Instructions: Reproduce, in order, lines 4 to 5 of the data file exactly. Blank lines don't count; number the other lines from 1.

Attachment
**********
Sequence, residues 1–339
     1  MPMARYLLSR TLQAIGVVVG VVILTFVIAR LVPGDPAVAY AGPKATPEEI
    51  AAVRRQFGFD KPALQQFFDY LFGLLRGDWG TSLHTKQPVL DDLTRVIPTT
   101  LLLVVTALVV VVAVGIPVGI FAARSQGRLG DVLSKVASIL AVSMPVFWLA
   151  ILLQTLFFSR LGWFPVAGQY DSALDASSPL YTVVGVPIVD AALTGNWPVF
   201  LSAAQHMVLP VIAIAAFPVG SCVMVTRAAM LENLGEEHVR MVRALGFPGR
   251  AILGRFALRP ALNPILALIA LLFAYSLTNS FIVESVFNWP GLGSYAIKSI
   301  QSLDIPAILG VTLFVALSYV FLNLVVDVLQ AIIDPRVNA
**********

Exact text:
   101  LLLVVTALVV VVAVGIPVGI FAARSQGRLG DVLSKVASIL AVSMPVFWLA
   151  ILLQTLFFSR LGWFPVAGQY DSALDASSPL YTVVGVPIVD AALTGNWPVF